In 2011, Cochrane took part in informal consultations on how best to develop community participation in the Rep's Rep100 celebrations and to suggest ways in which the Rep's often radical, but historically `top-down' contribution to British theatre could stimulate public engagement and the interest of community volunteers. Cochrane proposed key individuals and events to be highlighted within the chronologies of the four distinctive themes that shaped the Rep's successful £175,000 Heritage Lottery Fund bid to create a digital archive which would conserve the theatre's heritage and permit wider access and understanding ( Her support provided accurate historical information to REP100 project leader, Jenny Smith and exhibition curator, Gwendolen Whittaker which proved essential to successful creation of the REP100 touring exhibition and accompanying catalogue. Cochrane assisted Whittaker in identifying the provenance of artefacts for exhibition and clarified the origins of original material held by Birmingham City Museum & Art Gallery, including the context for a series of paintings by Dame Laura Knight of Rep performances from the 1930s to 1950s. She brokered an invitation from the Bristol Theatre Collection for Whittaker to access the Manders and Mitcheson archive, which contains additional artefacts. She then wrote brief introductions to each of the four themes illustrated in the exhibition catalogue — `Station Street to Stratford via Malvern'; `Drama Queens'; `The Detail's in the Design'; and `Hidden Histories' — and edited and contributed to extended captions accompanying illustrations. From January 2013, Cochrane was credited formally as REP100's Historical Advisor. The exhibition launched at the Old Birmingham Repertory theatre in February 2013 and was then mounted at Birmingham's Grosvenor G Casino (REP100's sponsors), the Royal Shakespeare Theatre, Malvern Library (as part of the Malvern Festival) and a further 16 local Birmingham libraries. To date the total number of people accessing Old Rep-related activities is 1,504. 5000 copies of the catalogue were printed and Cochrane continues to provide advice for the expanded exhibition to be mounted in September 2013 in the new public space shared between the refurbished theatre and the new Library of Birmingham. Anticipated total visitor numbers to the exhibition by November 2013 is estimated at 10,000.

At the request of the Rep, Cochrane took part in a BBC1 Inside Out West Midlands feature broadcast in time for its actual 100th birthday. On discovery of an apparently handwritten script belonging to Laurence Olivier dating from 1927, she was interviewed for The Times.

The two-day REP100 Weekender event held in March 2013 at the `Old' Birmingham Repertory Theatre was designed to appeal to diverse publics, from local people wishing to recover memories of the theatre and its legacy to academic and non-academic theatre specialists. Cochrane worked closely with the project leaders to create a lively accessible programme, acting as co-ordinating Chair throughout. The first day focused on the theatre's history and heritage; the second, taking Cochrane's theme of `Drama Queens,' concentrated on women's contribution to contemporary theatre and began with Cochrane interviewing actor and writer Meera Syal. There then followed a series of panels: the first comprised well-known women playwrights including Bryony Lavery and Gurpreet Kaur Bhatti; the second brought together actor and director Dame Janet Suzman with deigner Pamela Howard and actors Shelley King and Lorna Laidlaw; the third comprised key executives and directors including Kate Horton, Deputy Executive Director of the National Theatre and Vikki Heywood, former Executive Director of the RSC. In all, the Weekender attracted an audience of some 165.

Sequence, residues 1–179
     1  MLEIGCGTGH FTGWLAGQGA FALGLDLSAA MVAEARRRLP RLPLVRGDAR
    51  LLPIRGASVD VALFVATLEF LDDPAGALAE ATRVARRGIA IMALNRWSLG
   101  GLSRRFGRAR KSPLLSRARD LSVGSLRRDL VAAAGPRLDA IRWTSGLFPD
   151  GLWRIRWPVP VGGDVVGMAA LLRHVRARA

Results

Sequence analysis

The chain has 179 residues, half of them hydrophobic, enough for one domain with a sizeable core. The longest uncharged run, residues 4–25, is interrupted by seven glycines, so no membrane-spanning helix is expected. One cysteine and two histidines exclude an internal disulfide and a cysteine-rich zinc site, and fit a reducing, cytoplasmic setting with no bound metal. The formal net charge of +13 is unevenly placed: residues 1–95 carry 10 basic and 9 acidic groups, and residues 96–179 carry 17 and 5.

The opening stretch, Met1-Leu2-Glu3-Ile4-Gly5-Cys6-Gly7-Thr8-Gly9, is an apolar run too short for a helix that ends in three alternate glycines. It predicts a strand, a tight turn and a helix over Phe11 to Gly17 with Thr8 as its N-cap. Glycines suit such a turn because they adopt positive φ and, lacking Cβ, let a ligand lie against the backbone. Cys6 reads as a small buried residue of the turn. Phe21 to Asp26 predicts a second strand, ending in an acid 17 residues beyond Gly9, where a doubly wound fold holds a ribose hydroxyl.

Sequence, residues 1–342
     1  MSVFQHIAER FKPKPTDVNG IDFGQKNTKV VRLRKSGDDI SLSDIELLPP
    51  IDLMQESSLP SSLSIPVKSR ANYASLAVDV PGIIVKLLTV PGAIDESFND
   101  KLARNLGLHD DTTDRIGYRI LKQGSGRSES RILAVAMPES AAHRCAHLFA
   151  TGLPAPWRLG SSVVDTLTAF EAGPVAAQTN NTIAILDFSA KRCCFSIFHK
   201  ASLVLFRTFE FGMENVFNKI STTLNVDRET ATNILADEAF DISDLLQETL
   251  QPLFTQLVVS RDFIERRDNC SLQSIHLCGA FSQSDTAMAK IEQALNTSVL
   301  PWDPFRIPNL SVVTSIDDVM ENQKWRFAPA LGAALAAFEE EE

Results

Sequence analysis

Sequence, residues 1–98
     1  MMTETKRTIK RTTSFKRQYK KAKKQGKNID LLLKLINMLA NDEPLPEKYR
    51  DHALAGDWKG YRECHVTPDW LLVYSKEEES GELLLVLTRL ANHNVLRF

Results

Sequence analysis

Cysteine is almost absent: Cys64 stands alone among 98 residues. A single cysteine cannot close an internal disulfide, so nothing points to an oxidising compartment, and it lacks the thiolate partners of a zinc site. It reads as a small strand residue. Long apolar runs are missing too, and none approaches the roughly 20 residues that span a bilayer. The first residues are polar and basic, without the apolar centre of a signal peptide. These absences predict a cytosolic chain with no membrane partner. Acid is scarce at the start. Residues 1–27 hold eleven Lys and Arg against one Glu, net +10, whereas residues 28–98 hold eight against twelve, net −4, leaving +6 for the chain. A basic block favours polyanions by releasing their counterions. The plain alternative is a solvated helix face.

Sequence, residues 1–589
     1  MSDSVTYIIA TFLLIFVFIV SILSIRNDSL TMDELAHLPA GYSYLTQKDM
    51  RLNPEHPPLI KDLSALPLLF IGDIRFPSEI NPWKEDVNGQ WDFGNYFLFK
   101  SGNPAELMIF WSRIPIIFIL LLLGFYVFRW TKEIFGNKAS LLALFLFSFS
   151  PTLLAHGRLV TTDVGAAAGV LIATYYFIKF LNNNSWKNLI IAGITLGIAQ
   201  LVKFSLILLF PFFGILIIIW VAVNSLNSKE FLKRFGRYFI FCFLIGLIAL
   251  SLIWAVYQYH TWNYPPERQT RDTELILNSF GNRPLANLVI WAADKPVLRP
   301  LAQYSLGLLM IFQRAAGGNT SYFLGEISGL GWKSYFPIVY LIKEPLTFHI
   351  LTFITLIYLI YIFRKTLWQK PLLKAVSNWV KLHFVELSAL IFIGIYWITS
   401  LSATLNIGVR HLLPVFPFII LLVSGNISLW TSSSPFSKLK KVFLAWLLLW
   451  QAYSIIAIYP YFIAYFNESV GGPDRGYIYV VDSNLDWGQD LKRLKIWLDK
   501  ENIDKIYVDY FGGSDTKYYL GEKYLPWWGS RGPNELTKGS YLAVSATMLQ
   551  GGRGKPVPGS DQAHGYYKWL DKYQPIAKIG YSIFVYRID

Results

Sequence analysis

Rep 100 celebrations attracted extensive national media coverage including features and/or interviews in the Daily Telegraph, The Guardian, The Independent, The Stage, BBC News, BBC Inside Out and Additionally, there has been widespread regional coverage including coverage on BBC Midlands Today and BBC Radio WM, and in the Birmingham Post, the Birmingham Mail, the Birmingham Post & Mail, the Shropshire Star, Edge Magazine and Birmingham Life.

Sources to corroborate the impact

The REP100 A Century of Dramatic History 129pp. 115 illustrations, pub. Birmingham Rep, printed in an edition of 5000. Review of one day of the REP100 Weekender in the Shakespeare Blog written by speaker Sylvia Morris.

The Times, 15 February 2013, `Memory notes that helped a teenage actor named Olivier' by Jack Malvern, Arts Correspondent.

`Inside Out West Midlands', BBC1 West Midlands, 11 February 2013.

Roxana Silbert, Artistic Director, Birmingham Rep (value of Cochrane's research to the Rep's own, institutional understanding of its history, development and contribution to regional theatre in the UK)

Stuart Rogers, Executive Director, Birmingham Rep (value of Cochrane's role in supporting public engagement with the Birmingham Rep and its history and supporting the Rep's community programmes)

Jenny Smith, REP100 project manager (Cochrane's role in the development and realisation of REP100 celebrations and in achieving the Rep's successful Heritage Lottery Fund bid)

Gwendolen Whittaker, REP100 exhibition curator (Cochrane's role in development and realisation of the REP100 exhibition and the role of the exhibition in supporting 21st century public involvement in the Rep and its work)

David Edgar, playwright and cultural commentator (Cochrane's role in developing public and professional understanding of the evolution and cultural, social and political impact of regional theatre in the UK)